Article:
Xavier School hosted an 80th birthday celebration for Fr Alberto V. Ampil, SJ, School Director from 1985 to 1991. Faculty and staff from that era joined the Board of Trustees, parents, alumni, and the Jesuit community to mark Fr. Bert’s milestone with a Thanksgiving Mass and a Chinese dinner. Fr. Bert served as the school’s first Filipino School Director and led the Xavier contingent at the EDSA People Power revolution in 1986. It was also during his 6-year term that jurisdiction over Xavier School was turned over from the Jesuits’ China Province to the Philippine Jesuits, a transition that was smooth thanks to the great respect Fr. Bert had for the history and unique identity of Xavier School. Fr. Bert capped his time at Xavier with groundbreaking rites for the present high school building. We love you Fr. Bert, and wish you good health and abundant blessings.
The following speech was delivered by Mr. Miguel Tan.
Good evening Teachers, Jesuits, Parents and Fellow Alumni! First of all, Happy Birthday dear Fr. Bert!
Fr. Bert’s nephew mentioned that the Ampils’ lineage may have come from Cambodia. But Fr. Bert grew up here in Manila. The Ampil family lived in Gagalangin, Tondo. They owned a soap factory in Tondo. Gagalangin was an area where nobles lived.
Incidentally, based on the South China Morning Post reported just a few days ago, a typhoon in South China Sea may soon be called “Ampil” as nominated by Cambodia! Ampil being the word for tamarind in Cambodian.
Tonight, we are especially happy to celebrate the 80th birthday of our very own Fr. Ampil.
Fr. Bert came to Xavier following Fr. Zuloaga’s 20 years of directorship.
Fr. Bert came to Xavier with a passion like Matteo Ricci. He immersed himself into the community and tried to understand and learn as much as possible about Xavier, the Chinese and the Filipino-Chinese community, about our concerns and our strengths, our culture and our faith.
Amongst other initiatives and in his desire to continue the traditions of great teaching and excellence at Xavier, he approved the Fr. Pineau–Fr. Clifford Award for Outstanding teachers.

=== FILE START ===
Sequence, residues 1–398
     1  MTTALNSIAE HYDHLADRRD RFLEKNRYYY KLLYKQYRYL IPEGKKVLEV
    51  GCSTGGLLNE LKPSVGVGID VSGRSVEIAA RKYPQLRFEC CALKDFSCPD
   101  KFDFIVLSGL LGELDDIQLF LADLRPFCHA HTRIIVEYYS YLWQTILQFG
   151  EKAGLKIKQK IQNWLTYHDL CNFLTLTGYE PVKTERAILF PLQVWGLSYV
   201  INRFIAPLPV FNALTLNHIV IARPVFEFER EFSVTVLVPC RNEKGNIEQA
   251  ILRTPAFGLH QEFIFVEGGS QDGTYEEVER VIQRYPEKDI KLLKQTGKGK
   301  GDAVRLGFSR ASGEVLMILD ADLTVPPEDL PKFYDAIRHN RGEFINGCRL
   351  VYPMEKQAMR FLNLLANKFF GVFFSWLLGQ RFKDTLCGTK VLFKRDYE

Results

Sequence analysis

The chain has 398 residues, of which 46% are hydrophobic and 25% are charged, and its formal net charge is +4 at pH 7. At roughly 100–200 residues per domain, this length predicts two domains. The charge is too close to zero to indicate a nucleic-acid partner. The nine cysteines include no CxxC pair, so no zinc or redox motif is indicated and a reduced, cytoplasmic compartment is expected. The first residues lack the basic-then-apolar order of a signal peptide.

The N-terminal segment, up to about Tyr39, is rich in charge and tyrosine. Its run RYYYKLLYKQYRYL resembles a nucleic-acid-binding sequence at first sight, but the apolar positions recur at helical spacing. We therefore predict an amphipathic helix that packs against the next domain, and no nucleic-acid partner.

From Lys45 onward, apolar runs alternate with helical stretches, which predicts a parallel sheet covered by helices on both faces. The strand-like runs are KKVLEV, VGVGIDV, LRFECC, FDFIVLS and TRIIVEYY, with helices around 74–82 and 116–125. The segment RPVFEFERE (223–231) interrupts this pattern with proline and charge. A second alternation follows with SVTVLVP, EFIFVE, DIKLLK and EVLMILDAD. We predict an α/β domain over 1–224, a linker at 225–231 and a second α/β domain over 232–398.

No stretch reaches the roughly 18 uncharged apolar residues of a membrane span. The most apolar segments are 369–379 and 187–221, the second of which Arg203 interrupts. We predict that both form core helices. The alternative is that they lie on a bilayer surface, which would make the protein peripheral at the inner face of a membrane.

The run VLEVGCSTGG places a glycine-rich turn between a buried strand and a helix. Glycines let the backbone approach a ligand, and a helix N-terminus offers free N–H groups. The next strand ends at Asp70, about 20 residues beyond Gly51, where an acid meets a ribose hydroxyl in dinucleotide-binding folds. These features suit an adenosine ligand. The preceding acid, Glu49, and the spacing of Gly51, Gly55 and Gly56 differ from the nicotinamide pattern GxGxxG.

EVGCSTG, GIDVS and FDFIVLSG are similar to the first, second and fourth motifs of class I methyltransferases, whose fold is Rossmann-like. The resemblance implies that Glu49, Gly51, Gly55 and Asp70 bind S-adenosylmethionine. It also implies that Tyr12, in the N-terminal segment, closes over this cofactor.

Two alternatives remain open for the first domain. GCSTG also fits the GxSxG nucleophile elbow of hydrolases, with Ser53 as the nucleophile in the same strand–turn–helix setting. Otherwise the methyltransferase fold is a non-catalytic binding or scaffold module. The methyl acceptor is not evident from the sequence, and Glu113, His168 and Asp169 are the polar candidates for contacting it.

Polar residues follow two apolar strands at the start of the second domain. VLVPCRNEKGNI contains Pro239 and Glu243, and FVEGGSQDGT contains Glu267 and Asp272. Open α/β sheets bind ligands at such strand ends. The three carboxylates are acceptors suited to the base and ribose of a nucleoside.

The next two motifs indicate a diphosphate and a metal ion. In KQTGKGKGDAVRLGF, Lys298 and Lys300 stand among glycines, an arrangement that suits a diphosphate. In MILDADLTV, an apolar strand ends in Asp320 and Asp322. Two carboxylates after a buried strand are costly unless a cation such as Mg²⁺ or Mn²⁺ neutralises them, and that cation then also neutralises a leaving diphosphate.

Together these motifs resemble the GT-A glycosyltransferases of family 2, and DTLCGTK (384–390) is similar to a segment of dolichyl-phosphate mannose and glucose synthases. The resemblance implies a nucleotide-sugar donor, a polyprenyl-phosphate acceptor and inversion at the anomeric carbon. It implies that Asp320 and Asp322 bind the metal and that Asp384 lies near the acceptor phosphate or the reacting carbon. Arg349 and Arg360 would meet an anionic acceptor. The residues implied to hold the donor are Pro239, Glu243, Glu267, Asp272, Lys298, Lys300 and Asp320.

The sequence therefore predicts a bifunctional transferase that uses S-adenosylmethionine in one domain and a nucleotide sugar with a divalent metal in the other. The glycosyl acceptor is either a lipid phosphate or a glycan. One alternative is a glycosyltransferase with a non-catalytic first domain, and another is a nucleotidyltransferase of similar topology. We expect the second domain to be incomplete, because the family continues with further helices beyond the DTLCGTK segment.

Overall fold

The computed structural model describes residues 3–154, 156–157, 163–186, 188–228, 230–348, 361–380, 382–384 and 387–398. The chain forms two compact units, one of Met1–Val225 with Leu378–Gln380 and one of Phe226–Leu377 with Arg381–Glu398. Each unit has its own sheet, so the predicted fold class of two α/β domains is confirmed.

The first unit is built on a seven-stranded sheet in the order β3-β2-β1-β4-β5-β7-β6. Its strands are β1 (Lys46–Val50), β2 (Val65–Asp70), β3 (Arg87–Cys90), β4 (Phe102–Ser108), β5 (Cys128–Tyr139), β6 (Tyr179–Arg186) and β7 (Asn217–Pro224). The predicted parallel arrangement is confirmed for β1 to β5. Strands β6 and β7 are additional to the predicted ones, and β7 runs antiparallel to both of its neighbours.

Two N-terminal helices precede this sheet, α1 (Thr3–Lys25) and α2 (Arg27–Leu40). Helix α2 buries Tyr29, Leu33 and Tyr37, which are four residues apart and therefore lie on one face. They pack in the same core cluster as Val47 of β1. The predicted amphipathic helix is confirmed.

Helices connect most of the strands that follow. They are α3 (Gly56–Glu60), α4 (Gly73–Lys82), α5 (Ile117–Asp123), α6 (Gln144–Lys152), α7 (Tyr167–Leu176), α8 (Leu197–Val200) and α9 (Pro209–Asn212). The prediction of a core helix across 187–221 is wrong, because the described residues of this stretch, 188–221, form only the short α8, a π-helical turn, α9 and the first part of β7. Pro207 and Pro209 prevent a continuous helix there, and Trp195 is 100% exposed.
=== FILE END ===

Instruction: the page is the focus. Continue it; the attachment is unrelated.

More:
Fr. Bert had this gift of communicating with each level of the Xavier community. From Nursery to High School students, Alumni, Parents, and Teachers, he believed that all voices should be heard. He would tell us that he was able to do this well because he could stand eyeball to eyeball especially with the smaller students.
He is also very humble, very kind, and very “game”. During the annual school fairs, in support of his students, he would allow himself to be dunked into the water when players would successfully throw balls which hit the bulls eye. Some of those who threw balls may be here tonight. A few elder alumni and parents were a little shocked, but he did it in the spirit of fun and being one with the community because that’s just how he is.
Fr. Bert is a teacher at heart. He would often share what he learnt with his students and teachers. One thing we fondly remember is how he would remind us of learning about “KISS” — Keeping It Short and Simple. But Fr. wanted to share as much as he could, so his messages would always take just a few minutes longer.
During those days, parents would have meetings that would run into the night. While one by one we became sleepier, Fr. Ampil would still be all fired up and even more inspired–his questions and ideas would grow more challenging. His passion allowed us to dream for a better future through a better Xavier.
And after a planning session with the new Jesuit provincial, priorities for Xavier were set. And with the help of Fr. Papilla then and Fr. Mena, a new High School building became a reality in less than 2 years.
Fr. Bert is a man of faith. When at Xavier, Fr. Bert wore a metal cross around his neck. We believe that this cross was truly his source of strength and inspiration. His cross, which he lent to Fr. Calle, even took part in the rescue of a kidnapped Japanese national.
And last but not least, Fr. Bert is proud of Xavier. He led Xavier to EDSA during People Power in 1986. Xavier’s flag waved proudly — a symbol of our unity.
We are sure he is even prouder today of his students who have developed into men for others—students like Fr. Ari at Xavier and President Noynoy and Senator Pimentel at the Ateneo.
Fr. Bert, on behalf of the Xavier community – thank you for coming to Xavier.
Thank you for your love.
And, on your 80th, may we be allowed to call you Papa Bert or even Lolo Bert, as there are 3 generations of alumni here (tonight).
Happy birthday Papa Bert/ happy birthday Lolo Bert! Thank you!
View more photos at the Xavier FB site.